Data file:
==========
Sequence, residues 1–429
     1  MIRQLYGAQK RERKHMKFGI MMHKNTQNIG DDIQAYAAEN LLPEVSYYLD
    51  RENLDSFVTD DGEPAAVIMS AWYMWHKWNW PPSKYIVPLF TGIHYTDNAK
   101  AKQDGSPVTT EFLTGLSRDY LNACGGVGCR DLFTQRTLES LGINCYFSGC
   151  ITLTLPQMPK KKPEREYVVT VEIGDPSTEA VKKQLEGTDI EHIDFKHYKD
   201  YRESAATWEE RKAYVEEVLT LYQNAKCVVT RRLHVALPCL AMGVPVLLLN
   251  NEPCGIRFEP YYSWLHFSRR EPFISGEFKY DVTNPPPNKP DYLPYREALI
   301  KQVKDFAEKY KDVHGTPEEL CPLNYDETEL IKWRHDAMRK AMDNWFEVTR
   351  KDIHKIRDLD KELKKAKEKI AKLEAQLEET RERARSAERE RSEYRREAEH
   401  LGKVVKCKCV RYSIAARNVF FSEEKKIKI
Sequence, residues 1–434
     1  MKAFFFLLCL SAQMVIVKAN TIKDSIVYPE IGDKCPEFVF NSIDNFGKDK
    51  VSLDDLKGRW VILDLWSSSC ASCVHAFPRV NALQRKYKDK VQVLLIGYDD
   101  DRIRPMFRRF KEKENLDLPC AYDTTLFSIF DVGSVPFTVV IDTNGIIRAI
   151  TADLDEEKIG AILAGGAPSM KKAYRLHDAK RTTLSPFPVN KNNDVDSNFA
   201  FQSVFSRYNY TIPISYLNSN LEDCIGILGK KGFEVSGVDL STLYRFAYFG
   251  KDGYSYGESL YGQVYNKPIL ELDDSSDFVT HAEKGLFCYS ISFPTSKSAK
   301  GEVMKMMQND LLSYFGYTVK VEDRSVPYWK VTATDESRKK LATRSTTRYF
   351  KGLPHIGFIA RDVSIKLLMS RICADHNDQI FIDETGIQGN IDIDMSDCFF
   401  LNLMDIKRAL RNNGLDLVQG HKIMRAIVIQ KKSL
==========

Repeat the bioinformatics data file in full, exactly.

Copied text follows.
Sequence, residues 1–429
     1  MIRQLYGAQK RERKHMKFGI MMHKNTQNIG DDIQAYAAEN LLPEVSYYLD
    51  RENLDSFVTD DGEPAAVIMS AWYMWHKWNW PPSKYIVPLF TGIHYTDNAK
   101  AKQDGSPVTT EFLTGLSRDY LNACGGVGCR DLFTQRTLES LGINCYFSGC
   151  ITLTLPQMPK KKPEREYVVT VEIGDPSTEA VKKQLEGTDI EHIDFKHYKD
   201  YRESAATWEE RKAYVEEVLT LYQNAKCVVT RRLHVALPCL AMGVPVLLLN
   251  NEPCGIRFEP YYSWLHFSRR EPFISGEFKY DVTNPPPNKP DYLPYREALI
   301  KQVKDFAEKY KDVHGTPEEL CPLNYDETEL IKWRHDAMRK AMDNWFEVTR
   351  KDIHKIRDLD KELKKAKEKI AKLEAQLEET RERARSAERE RSEYRREAEH
   401  LGKVVKCKCV RYSIAARNVF FSEEKKIKI
Sequence, residues 1–434
     1  MKAFFFLLCL SAQMVIVKAN TIKDSIVYPE IGDKCPEFVF NSIDNFGKDK
    51  VSLDDLKGRW VILDLWSSSC ASCVHAFPRV NALQRKYKDK VQVLLIGYDD
   101  DRIRPMFRRF KEKENLDLPC AYDTTLFSIF DVGSVPFTVV IDTNGIIRAI
   151  TADLDEEKIG AILAGGAPSM KKAYRLHDAK RTTLSPFPVN KNNDVDSNFA
   201  FQSVFSRYNY TIPISYLNSN LEDCIGILGK KGFEVSGVDL STLYRFAYFG
   251  KDGYSYGESL YGQVYNKPIL ELDDSSDFVT HAEKGLFCYS ISFPTSKSAK
   301  GEVMKMMQND LLSYFGYTVK VEDRSVPYWK VTATDESRKK LATRSTTRYF
   351  KGLPHIGFIA RDVSIKLLMS RICADHNDQI FIDETGIQGN IDIDMSDCFF
   401  LNLMDIKRAL RNNGLDLVQG HKIMRAIVIQ KKSL